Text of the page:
Understanding the work of white blood cells

Pharmacology PhD student Yang Su peers through an advanced microscope in a lab at the College of Medicine, trying to understand how white blood cells migrate from the bloodstream to sites of injury or infection.

By University Communications

"When the tissue gets injured or infected, white blood cells or leukocytes will move out of the blood vessel and migrate towards the damaged tissue to clear the enemy or those dead cells," she explained. "During this process, leukocytes need to first attach to the cells that constitute the inner layer of small blood vessels, and then squeeze through the gap between those cells."

When the process works as it should, the infection is cleared and the injured tissue begins the process of healing. When it goes awry, such as in a stroke, heart attack, or a full-body infection, the white blood cells can attack the body's own tissue, causing more damage.

Su, part of a research team led by Associate Professor of Pharmacology Lixin Liu, came from the Beijing Institute of Technology and is supported by the U of S-China Doctoral Scholar Partnership program. While she is happy to be studying and conducting research at the U of S, she admits it has been a challenge.

"In the first year of my PhD study, I took a course called Graduate Pharmacology. At that time my English wasn't good enough, and this course requires two midterm exams, one final exam, one oral exam and one presentation. It was a huge challenge for me as I needed to do lots of lab work at the same time," she said.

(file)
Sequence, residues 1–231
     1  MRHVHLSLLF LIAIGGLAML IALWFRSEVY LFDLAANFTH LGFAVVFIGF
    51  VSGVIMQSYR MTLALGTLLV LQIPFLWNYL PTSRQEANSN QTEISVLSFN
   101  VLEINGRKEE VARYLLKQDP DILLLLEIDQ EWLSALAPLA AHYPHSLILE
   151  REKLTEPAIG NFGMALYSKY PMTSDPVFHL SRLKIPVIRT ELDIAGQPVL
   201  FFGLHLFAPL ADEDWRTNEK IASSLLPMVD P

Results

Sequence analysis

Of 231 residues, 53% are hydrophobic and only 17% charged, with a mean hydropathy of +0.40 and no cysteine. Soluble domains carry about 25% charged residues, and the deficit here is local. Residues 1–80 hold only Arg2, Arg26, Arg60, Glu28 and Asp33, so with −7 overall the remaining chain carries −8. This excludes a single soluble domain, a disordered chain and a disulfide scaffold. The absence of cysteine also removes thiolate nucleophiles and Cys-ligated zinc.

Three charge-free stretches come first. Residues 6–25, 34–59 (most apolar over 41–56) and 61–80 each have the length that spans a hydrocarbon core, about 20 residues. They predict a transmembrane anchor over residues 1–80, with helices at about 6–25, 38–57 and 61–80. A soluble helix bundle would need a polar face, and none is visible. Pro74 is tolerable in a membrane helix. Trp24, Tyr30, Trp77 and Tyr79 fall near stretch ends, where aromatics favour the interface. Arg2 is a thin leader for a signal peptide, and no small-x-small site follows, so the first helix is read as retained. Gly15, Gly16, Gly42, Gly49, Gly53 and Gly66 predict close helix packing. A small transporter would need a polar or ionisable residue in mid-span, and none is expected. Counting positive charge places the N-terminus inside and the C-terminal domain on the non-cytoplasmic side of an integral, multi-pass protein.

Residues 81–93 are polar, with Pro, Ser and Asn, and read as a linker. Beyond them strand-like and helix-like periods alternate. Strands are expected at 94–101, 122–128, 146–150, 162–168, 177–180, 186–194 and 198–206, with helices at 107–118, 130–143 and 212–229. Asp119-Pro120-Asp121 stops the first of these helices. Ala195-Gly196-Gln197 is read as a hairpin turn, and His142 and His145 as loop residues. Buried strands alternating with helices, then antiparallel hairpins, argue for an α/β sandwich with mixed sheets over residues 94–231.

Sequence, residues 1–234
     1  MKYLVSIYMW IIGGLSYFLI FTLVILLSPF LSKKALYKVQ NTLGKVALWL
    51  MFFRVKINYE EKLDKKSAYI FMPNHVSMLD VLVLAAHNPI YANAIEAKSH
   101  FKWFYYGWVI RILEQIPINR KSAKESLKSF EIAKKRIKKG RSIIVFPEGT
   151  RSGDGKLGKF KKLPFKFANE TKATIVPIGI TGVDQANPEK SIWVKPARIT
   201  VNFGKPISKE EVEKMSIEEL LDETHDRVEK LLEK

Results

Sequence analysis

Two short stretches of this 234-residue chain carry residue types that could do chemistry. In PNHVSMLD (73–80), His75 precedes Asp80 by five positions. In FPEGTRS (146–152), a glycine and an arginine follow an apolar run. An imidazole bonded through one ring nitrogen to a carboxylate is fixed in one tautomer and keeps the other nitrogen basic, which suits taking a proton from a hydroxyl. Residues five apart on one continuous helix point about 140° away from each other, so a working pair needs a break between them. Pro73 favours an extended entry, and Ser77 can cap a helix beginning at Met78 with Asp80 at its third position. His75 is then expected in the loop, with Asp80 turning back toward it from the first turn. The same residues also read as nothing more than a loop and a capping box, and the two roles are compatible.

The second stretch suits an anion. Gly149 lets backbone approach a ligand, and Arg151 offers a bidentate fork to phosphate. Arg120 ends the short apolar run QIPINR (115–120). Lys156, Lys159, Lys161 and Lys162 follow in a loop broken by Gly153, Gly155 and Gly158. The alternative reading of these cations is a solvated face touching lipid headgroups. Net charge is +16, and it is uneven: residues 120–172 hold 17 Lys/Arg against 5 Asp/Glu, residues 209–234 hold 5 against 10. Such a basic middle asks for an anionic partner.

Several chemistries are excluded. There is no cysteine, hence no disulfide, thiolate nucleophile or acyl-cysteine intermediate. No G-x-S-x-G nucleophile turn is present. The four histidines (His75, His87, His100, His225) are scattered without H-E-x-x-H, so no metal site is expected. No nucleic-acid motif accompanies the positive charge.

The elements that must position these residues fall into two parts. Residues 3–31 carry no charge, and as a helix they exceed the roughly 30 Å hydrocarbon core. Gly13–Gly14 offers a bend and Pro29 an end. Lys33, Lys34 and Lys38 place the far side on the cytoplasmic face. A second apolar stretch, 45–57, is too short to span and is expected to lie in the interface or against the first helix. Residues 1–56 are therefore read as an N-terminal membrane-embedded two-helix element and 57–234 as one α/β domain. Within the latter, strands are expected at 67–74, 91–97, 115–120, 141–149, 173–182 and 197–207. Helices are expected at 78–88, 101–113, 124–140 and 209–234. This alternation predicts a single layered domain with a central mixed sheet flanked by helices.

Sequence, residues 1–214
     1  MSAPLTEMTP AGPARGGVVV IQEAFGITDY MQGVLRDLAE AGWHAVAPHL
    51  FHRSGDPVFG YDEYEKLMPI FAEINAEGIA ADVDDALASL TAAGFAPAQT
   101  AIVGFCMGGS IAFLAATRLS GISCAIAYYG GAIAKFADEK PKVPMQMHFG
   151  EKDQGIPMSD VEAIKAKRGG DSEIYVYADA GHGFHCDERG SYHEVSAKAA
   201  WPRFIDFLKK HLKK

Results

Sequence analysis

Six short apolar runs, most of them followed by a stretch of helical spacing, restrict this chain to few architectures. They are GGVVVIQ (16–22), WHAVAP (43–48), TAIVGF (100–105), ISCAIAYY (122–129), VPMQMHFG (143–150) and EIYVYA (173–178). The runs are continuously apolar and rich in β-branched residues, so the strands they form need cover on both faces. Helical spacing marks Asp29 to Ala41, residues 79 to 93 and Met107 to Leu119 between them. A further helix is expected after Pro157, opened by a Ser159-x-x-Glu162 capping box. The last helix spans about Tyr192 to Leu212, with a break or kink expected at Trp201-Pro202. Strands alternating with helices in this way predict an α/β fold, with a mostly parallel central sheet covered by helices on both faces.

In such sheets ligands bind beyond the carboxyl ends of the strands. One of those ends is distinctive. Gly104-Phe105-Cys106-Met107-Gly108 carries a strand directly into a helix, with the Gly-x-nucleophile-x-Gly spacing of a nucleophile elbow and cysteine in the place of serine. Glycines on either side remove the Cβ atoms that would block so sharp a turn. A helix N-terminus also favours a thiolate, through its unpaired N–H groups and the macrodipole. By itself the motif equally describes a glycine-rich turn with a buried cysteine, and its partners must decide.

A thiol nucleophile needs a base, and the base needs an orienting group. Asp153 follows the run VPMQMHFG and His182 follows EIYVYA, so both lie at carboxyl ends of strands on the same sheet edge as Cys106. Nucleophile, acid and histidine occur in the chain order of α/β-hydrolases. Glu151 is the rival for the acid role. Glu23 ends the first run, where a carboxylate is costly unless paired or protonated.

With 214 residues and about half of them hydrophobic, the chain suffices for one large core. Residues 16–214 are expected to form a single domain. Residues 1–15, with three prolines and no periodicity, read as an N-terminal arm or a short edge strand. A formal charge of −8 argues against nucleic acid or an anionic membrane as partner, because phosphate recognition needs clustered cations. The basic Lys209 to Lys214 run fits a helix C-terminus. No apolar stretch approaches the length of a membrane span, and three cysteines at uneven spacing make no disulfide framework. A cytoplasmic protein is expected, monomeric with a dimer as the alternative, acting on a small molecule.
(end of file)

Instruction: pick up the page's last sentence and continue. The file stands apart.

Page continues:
She persevered, supported by colleagues who had taken the course before. She was also helped along by her professors, who encouraged her to refine her presentation "sentence by sentence," and devoted their own time to give students a full afternoon's tutorial.

"After more than six months of hard work, I got a high score in this course," Su said. "I really appreciated the help from the professors in our department. They are always kind and helpful if I ask them for help, even if they are not my supervisor."

Now in the research phase of her PhD, Su is looking specifically at the process by which white blood cells are alerted that there is an infection or injury. Using a technique called intravital microscopy, she and her colleagues watch how the leukocytes move, helping them determine how the process works.

"We can see the movement of leukocytes, first moving out of the blood vessel and then towards the inflamed tissue. By analyzing the path and the movement pattern of leukocytes, we can infer the mechanisms behind this phenomenon," she explained.

Understanding how leukocytes work could inform future studies aimed at finding ways to allow the cells to do their job of protecting the body while suppressing their destructive behavior.

While Su is focused on completing her doctorate, her love of research is shaping her plans for the future, perhaps as a research scientist at a university, for a commercial company or in a government lab. Like most people, she hopes to contribute something meaningful, but is modest in her expectations.

"I hoped to have impact on my world but not the world. I just hope that someday my family and the people I care about can be proud of my work, and if I can earn the respect from others who work in the same field, that would be the best."